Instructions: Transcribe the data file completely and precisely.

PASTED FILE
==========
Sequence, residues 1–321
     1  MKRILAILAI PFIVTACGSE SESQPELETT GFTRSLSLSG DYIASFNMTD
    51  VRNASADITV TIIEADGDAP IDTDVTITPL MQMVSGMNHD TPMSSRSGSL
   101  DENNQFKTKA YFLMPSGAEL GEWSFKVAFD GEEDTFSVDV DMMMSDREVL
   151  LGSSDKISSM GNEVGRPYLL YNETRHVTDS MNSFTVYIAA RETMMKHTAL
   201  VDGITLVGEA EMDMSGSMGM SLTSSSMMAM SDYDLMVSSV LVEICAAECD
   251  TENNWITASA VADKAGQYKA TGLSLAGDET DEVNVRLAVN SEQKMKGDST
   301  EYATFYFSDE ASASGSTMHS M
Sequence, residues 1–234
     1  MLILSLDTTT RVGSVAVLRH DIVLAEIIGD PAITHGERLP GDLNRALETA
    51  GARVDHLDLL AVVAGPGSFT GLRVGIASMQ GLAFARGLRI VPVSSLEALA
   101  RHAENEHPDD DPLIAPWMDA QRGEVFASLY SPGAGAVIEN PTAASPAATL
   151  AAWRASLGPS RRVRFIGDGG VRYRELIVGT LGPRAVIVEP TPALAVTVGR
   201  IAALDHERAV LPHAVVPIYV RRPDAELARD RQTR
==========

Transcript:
Sequence, residues 1–321
     1  MKRILAILAI PFIVTACGSE SESQPELETT GFTRSLSLSG DYIASFNMTD
    51  VRNASADITV TIIEADGDAP IDTDVTITPL MQMVSGMNHD TPMSSRSGSL
   101  DENNQFKTKA YFLMPSGAEL GEWSFKVAFD GEEDTFSVDV DMMMSDREVL
   151  LGSSDKISSM GNEVGRPYLL YNETRHVTDS MNSFTVYIAA RETMMKHTAL
   201  VDGITLVGEA EMDMSGSMGM SLTSSSMMAM SDYDLMVSSV LVEICAAECD
   251  TENNWITASA VADKAGQYKA TGLSLAGDET DEVNVRLAVN SEQKMKGDST
   301  EYATFYFSDE ASASGSTMHS M
Sequence, residues 1–234
     1  MLILSLDTTT RVGSVAVLRH DIVLAEIIGD PAITHGERLP GDLNRALETA
    51  GARVDHLDLL AVVAGPGSFT GLRVGIASMQ GLAFARGLRI VPVSSLEALA
   101  RHAENEHPDD DPLIAPWMDA QRGEVFASLY SPGAGAVIEN PTAASPAATL
   151  AAWRASLGPS RRVRFIGDGG VRYRELIVGT LGPRAVIVEP TPALAVTVGR
   201  IAALDHERAV LPHAVVPIYV RRPDAELARD RQTR